The person reading out the story holds a significant place. Hearing the text read by a good reader can be a real pleasure. Rashid Raza is the reader for most of the audio books, published by Reado, and not without good reason. Raza’a voice, apart from being crystal clear, has a rich baritone that is immensely attractive. Voice modulation is very important. And, in Amish’s Immortals of Meluha and Khushwant Singh’s The Company Of Women, the scenes comes alive. The book, I believe, is read out ad verbatim. What elevates the experience is the presence of a background score. For instance, when Shiva is fighting warring parties, a strong background score gives the scene the much-needed drama. This makes the fiction novel seem like a play on radio.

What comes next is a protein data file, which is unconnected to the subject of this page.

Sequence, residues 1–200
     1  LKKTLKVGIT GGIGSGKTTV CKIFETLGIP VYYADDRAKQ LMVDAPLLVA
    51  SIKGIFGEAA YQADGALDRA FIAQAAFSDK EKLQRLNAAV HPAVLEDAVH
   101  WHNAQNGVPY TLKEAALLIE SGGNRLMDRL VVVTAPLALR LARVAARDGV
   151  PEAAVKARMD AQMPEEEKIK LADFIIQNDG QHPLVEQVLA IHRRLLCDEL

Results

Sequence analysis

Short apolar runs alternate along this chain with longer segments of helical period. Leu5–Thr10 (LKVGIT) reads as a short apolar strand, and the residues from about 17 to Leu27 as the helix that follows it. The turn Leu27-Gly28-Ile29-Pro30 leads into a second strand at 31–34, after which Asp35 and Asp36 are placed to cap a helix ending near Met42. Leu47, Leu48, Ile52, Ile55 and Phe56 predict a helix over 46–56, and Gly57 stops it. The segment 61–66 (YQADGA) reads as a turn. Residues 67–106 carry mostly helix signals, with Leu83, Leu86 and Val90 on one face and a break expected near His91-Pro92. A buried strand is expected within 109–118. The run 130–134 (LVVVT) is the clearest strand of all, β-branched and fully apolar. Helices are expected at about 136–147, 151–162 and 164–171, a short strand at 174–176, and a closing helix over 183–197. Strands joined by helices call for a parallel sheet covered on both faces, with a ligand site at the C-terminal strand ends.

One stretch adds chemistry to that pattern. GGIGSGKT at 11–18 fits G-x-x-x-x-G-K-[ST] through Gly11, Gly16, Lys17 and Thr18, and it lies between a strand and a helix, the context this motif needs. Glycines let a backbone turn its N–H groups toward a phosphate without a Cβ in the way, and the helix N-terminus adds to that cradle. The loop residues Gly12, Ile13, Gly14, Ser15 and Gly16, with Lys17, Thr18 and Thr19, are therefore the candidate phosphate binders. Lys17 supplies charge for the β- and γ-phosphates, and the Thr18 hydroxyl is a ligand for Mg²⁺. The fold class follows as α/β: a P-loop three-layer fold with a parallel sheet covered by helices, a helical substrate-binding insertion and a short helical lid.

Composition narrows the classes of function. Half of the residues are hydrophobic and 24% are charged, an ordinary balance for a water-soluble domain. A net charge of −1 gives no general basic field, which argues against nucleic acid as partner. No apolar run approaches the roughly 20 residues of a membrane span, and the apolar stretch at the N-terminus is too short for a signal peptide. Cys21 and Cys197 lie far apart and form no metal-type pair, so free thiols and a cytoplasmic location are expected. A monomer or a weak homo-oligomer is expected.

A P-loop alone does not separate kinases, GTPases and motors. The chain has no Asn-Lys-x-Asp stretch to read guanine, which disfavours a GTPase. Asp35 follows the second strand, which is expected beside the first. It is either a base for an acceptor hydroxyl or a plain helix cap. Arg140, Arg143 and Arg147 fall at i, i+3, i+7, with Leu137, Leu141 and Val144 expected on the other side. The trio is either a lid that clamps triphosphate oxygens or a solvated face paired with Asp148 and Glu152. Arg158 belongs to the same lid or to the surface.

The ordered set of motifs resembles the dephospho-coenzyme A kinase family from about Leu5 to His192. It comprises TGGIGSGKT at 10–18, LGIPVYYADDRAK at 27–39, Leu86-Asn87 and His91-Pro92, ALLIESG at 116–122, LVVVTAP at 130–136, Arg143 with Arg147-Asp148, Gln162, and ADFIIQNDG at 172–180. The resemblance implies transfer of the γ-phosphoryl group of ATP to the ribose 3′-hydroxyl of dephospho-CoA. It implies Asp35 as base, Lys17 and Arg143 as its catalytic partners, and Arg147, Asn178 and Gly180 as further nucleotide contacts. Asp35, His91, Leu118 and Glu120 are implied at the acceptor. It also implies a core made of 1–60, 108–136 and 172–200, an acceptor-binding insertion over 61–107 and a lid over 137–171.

That’s perhaps what makes audio reading so interesting. In non-fiction, there is less scope for drama, so voice modulation becomes very important. In Rashmi Bansal’s Connect The Dots, the reader, Sameera Ranjan, is over-dramatic in some places but in others, her emphasis keeps the audio interesting. With audio books, mundane tasks like commuting or working out can become entertaining or even educational experiences.